The Last Organic Outpost has a tendency to fly under the radar.
They don't have a flashy booth at the local farmers markets, just a simple stand with a burlap tablecloth and a few bunches of fresh greens. They don't sell most of their produce, in fact; the volunteers who work the gardens in the Fifth Ward keep the majority of what's grown there. But with news that The Last Organic Outpost will soon acquire additional parcels of land off Emile Street, in which to expand their growing organic and urban agriculture empire, they won't remain unnoticed for much longer.
The farms themselves, as mentioned, are tended exclusively by volunteers. Begun by founder Joe Nelson Icet in 1999 as a simple garden in his backyard, the Outpost eventually expanded to abandoned lots in the lower Fifth Ward. Icet became committed to urban agriculture and sustainability, bringing in people to work the expanding plots and local experts such as Nancy Sorenson and Pat Greer, who began teaching cooking classes using foods grown in the gardens.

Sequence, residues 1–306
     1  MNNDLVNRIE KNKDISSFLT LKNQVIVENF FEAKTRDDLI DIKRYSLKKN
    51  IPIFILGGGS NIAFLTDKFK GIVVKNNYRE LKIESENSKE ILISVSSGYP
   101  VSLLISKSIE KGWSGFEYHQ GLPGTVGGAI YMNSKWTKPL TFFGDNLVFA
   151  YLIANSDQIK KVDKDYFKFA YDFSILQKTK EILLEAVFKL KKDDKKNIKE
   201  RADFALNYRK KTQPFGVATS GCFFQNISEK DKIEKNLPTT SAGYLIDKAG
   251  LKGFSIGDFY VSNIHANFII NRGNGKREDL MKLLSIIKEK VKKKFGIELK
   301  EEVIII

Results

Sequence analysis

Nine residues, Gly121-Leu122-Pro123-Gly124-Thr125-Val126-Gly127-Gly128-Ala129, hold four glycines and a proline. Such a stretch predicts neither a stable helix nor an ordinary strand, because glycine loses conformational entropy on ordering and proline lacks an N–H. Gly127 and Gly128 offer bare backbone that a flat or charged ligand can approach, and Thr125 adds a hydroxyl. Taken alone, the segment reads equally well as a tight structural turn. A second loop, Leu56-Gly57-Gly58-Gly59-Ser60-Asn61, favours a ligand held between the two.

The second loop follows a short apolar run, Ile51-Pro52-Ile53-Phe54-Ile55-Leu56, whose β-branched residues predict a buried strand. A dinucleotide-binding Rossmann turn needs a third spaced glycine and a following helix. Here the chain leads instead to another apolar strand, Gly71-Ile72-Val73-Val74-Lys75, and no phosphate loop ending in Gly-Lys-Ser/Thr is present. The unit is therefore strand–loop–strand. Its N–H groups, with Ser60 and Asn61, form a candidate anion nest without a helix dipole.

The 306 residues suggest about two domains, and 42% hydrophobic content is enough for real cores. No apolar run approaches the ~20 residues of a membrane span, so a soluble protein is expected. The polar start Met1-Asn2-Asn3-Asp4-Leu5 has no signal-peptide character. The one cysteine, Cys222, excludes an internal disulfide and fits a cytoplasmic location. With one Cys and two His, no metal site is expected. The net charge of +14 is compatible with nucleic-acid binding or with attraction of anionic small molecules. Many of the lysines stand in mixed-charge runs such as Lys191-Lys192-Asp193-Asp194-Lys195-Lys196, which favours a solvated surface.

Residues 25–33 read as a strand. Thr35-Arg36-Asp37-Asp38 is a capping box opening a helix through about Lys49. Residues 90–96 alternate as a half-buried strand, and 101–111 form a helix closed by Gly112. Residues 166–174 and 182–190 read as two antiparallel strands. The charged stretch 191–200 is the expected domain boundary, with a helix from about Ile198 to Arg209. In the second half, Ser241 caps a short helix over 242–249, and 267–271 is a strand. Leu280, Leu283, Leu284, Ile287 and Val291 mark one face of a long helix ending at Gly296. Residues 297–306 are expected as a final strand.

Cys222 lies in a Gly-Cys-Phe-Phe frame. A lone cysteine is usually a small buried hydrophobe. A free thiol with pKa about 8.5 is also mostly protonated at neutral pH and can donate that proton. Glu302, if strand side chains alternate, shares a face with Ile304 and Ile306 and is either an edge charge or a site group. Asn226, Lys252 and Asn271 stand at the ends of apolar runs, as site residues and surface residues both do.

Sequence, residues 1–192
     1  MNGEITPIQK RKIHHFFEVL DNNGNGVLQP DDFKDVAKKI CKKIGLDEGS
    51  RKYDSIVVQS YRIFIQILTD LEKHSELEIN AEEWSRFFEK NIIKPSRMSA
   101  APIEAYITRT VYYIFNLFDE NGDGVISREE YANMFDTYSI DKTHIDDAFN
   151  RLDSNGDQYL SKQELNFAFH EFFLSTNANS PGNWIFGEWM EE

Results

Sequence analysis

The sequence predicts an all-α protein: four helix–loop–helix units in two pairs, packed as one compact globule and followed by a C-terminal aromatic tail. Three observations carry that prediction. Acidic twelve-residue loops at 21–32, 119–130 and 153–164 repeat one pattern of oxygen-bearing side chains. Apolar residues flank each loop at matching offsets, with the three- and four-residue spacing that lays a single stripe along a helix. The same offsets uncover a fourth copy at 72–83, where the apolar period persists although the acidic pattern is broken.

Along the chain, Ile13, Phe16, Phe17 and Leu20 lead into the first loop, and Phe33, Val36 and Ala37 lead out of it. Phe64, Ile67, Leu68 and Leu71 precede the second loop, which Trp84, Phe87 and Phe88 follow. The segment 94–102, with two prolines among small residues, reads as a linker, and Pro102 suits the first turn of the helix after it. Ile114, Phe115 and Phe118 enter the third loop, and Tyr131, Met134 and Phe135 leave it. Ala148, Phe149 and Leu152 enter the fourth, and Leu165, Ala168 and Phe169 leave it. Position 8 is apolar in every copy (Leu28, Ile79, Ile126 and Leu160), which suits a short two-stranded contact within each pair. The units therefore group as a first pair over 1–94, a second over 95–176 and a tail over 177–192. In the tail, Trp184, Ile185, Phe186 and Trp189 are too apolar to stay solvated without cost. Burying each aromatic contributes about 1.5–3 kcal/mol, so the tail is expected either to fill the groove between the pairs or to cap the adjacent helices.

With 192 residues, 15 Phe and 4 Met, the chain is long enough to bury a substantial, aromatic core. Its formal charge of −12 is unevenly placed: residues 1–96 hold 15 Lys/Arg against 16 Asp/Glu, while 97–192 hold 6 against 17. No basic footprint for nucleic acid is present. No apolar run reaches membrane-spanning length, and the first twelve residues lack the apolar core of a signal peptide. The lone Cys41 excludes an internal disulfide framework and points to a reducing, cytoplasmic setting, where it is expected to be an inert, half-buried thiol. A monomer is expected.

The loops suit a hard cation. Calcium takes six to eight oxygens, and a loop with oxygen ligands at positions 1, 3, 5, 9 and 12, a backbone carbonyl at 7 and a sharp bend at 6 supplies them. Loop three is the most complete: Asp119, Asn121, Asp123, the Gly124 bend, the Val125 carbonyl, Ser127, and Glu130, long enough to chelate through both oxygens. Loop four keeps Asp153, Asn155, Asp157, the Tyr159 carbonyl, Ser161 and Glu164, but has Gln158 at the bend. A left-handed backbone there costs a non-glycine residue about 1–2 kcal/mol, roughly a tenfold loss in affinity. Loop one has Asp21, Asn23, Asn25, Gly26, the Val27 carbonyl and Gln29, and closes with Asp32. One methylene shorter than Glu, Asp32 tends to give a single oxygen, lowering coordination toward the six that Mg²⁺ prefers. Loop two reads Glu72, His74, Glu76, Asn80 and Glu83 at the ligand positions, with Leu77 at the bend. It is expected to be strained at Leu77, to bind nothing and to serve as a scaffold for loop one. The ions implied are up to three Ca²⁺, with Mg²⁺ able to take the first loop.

Today, Icet and his volunteers are hoping to create a "Fifth Ward farm belt" from the existing parcels of land they farm and the newest lots that they're hoping to acquire. Their current land is located along Emile Street, separated by Hare Street. The new parcels are directly across Emile, along Gunter Street.
It would make for a compact, highly useful area unlike anything else in the area, which is mostly littered with abandoned lots and heavy trash. If Icet has his way, one day the entire area would become a community garden, growing food and beautifying the city while bringing people together in the way that only hard work can do.
In the meantime, Last Organic Outpost is busy concentrating on the new plots they've just planted at the Buck Street expansion next to the original Emile Street Farm, giving workshops on urban agriculture and holding dinners and farm parties where the farm-to-table movement is showcased in its purest form.
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